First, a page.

MARY CHAPIN CARPENTER
ROYAL CONCERT HALL, GLASGOW
Reviewed by Mark Brown
American singer-songwriter Mary Chapin Carpenter is almost as well known for her humanitarian work and her political activism as for her music. It came as little surprise, therefore, that she took the opportunity, early in her set at Glasgow’s massive Celtic Connections music festival, to share her feelings about the first 10 days of the Trump administration.
Following early outings for Why Walk When You Can Fly? and Something Tamed, Something Wild, she explained her choice of opening numbers. “I wanted to start with two songs of hope and resilience”, she said, “to counter-balance the freak show going on back home.” A comment that elicited considerable approval from her Scottish audience.
There would be more commentary on the new President as the show progressed. Little lyrical innovations, referring to Trump’s penchant for tweeting and his well-publicised attitudes to women, found their way into established songs from the 58-year-old’s voluminous back catalogue.
If this performance is any indication, Chapin Carpenter’s anger at her new Commander-in-Chief has galvanised her, rather than put her off her stride. Supported by an excellent three-piece band , she played a set that reflected her influences, from country to rock ‘n’ roll and blues, with tremendous warmth and assuredness.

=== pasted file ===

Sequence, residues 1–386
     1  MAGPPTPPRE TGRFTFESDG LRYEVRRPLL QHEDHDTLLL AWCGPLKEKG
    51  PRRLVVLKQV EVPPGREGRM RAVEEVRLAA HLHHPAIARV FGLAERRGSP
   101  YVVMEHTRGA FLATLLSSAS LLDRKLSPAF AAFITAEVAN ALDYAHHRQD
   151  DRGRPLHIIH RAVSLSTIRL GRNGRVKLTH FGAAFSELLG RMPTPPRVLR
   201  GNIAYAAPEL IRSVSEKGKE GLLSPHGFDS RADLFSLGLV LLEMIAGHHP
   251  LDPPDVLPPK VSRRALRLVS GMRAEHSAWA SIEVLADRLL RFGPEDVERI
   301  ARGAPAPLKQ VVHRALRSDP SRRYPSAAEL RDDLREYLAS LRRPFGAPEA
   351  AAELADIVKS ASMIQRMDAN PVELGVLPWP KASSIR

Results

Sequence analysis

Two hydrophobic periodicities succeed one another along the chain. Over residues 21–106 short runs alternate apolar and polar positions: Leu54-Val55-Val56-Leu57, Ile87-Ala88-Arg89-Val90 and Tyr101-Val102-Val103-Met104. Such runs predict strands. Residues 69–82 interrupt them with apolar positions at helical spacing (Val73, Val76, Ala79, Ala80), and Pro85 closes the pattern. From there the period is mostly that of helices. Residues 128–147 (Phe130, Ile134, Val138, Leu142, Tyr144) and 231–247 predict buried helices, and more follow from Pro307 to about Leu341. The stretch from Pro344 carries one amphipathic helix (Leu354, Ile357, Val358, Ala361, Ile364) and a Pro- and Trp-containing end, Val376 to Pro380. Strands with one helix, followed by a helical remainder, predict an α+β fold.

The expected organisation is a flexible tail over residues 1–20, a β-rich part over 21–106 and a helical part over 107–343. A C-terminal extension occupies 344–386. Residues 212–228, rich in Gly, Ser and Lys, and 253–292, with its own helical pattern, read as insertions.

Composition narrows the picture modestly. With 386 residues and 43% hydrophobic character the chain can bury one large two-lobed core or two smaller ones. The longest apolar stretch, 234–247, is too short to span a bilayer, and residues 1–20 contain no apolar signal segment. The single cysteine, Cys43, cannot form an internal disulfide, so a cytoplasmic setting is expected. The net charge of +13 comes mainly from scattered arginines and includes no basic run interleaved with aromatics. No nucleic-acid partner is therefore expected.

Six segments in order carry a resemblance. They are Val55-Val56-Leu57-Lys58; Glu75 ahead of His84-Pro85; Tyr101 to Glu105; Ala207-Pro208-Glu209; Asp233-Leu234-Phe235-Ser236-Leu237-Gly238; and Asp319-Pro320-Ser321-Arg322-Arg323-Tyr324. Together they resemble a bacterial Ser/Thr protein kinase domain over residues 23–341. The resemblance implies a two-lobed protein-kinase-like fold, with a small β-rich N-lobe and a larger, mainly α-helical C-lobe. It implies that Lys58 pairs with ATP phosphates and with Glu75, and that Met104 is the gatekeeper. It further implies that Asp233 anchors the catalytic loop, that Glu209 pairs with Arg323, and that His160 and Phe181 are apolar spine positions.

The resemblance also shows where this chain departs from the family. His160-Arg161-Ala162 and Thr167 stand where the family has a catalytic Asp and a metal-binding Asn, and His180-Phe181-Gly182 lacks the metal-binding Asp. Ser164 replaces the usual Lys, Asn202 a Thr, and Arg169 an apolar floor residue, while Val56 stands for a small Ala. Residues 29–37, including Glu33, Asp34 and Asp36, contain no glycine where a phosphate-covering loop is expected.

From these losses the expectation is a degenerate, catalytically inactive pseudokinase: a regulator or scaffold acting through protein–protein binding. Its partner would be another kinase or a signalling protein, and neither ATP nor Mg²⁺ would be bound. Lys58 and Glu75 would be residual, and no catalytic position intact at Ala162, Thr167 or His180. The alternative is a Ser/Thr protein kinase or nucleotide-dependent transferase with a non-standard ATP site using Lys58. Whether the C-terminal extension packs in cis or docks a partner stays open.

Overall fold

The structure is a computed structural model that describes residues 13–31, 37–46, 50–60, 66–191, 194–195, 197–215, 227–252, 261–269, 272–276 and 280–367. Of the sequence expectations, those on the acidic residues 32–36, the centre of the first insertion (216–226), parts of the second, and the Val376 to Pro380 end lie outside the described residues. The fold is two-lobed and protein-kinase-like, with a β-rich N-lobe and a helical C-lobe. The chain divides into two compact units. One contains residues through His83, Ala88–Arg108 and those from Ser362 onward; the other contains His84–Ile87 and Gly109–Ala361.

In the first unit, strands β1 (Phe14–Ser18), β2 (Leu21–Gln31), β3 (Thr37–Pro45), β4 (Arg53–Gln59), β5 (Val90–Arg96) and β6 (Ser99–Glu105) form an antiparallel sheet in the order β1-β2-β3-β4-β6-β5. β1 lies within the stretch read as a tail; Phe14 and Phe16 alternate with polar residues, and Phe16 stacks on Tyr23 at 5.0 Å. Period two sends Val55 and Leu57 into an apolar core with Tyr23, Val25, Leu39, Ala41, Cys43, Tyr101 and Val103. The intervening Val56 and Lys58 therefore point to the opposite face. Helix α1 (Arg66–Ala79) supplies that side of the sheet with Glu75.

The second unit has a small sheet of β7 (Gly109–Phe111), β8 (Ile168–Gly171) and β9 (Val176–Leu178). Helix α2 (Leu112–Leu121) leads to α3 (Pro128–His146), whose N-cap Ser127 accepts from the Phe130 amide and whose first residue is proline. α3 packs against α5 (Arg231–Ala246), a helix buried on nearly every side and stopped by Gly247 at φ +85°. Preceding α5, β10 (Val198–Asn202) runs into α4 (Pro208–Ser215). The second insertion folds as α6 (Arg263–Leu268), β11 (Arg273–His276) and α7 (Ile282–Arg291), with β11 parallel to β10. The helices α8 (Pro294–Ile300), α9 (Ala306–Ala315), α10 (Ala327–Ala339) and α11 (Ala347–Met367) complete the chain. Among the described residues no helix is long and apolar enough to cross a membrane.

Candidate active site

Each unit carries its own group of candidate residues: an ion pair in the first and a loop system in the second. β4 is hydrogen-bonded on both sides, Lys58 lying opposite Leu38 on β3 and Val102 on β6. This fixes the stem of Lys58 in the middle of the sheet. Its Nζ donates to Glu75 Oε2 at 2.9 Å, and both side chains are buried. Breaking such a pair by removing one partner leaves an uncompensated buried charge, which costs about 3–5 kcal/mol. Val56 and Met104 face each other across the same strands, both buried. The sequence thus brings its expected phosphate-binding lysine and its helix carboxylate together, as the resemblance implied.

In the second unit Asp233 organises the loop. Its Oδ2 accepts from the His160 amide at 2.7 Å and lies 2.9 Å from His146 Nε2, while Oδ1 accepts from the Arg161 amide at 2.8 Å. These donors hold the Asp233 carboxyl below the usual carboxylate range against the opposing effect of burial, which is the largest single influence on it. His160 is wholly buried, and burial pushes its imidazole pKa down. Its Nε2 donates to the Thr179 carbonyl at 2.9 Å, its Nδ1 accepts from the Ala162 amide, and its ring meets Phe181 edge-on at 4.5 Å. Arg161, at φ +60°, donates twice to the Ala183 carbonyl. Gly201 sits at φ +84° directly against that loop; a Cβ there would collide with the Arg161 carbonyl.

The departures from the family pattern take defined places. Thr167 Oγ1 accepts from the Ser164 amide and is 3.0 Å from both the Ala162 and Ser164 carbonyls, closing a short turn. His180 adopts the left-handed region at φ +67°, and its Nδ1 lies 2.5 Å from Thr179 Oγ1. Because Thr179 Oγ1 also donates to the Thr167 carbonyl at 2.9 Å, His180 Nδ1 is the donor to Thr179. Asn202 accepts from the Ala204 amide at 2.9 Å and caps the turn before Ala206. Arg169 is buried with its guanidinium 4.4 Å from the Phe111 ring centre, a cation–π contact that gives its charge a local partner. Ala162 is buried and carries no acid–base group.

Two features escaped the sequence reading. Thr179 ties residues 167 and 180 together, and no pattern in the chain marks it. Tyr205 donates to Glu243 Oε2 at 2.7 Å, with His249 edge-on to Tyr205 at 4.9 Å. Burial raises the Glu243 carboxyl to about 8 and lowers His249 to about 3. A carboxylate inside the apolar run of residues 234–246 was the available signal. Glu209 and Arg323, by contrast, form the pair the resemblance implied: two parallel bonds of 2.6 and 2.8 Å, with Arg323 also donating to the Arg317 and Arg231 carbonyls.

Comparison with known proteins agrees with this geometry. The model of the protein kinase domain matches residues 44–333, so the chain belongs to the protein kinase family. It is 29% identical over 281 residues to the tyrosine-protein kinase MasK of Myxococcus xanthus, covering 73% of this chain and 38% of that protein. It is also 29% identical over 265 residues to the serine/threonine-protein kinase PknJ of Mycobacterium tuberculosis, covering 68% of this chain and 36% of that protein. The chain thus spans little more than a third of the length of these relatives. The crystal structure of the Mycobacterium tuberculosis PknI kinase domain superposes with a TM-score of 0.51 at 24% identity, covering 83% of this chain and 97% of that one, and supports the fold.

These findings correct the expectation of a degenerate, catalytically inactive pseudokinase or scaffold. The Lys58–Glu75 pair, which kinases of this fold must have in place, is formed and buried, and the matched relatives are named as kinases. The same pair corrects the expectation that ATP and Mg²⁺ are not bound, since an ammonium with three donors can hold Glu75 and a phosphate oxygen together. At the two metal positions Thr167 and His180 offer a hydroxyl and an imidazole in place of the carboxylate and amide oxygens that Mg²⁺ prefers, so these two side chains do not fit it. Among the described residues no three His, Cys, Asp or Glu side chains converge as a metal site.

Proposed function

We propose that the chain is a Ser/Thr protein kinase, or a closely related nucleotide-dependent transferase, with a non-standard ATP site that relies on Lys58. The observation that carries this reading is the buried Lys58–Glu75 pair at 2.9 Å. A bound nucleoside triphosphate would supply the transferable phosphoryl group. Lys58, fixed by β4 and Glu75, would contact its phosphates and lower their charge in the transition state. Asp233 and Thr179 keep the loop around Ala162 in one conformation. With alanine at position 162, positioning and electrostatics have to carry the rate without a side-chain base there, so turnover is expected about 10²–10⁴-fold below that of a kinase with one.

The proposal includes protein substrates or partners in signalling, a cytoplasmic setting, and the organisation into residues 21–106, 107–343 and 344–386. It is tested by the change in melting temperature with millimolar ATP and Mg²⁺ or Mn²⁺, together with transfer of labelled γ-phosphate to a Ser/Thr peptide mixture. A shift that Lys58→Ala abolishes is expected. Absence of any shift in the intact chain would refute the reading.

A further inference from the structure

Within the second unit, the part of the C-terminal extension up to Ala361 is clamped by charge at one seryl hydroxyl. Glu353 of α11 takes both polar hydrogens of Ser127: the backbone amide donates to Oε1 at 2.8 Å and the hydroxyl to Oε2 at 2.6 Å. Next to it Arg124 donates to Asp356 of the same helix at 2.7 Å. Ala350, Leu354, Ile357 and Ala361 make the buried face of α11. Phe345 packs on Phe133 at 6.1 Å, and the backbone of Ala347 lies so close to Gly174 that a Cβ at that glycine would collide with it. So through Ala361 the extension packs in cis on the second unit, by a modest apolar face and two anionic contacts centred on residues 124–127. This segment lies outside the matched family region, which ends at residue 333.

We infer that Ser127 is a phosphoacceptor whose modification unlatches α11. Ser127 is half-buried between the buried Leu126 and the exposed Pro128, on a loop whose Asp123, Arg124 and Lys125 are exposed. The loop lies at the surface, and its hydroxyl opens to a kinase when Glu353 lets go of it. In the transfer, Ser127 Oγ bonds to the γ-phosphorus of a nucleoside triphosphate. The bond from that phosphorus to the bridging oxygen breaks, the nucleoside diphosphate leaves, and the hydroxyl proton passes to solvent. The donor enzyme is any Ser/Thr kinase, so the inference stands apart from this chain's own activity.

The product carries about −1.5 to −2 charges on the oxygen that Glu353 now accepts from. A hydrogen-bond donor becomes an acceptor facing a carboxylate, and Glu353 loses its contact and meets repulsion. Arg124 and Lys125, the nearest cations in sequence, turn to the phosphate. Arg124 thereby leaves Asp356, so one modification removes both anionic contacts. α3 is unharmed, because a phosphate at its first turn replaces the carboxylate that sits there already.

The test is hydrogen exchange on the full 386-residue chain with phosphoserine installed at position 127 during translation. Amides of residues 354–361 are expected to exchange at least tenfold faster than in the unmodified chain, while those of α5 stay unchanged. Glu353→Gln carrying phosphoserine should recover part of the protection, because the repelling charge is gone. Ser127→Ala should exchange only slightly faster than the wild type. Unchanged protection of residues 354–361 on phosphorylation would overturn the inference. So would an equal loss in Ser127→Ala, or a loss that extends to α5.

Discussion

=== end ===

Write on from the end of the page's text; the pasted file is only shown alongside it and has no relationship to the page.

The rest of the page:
Her songs have always combined thoughtful autobiography with a broader, humanistic sensibility. Nowhere were these elements more evident than in the recently recorded Oh Rosetta, a gentle and reflective conversation with her heroine Sister Rosetta Tharpe, the great African American singer-songwriter and guitarist.
In addition to tracks from last year’s album The Things That We Are Made Of, there were warmly received renderings of old favourites such as I Feel Lucky and Shut Up and Kiss Me. The affection of the Celtic Connections crowd for Chapin Carpenter was both palpable and reciprocated.
That said, the audience had already been well warmed up by two excellent support acts from the Scottish and Irish traditional music scenes. Scottish Gaelic singer Julie Fowlis and her band performed a sparkling and charming set, before making way for justly acclaimed Irish group Altan.
Chapin Carpenter takes the name of the festival very literally, she tells us. All the better to invite her Celtic friends Fowlis and Altan back on stage for a suitably up-beat encore of her 1992 hit He Thinks He’ll Keep Her.
The Celtic Connections festival continues until February 5. For more information, visit: celticconnections.com
This review was originally published on the website of the Daily Telegraph on February 8, 2017
© Mark Brown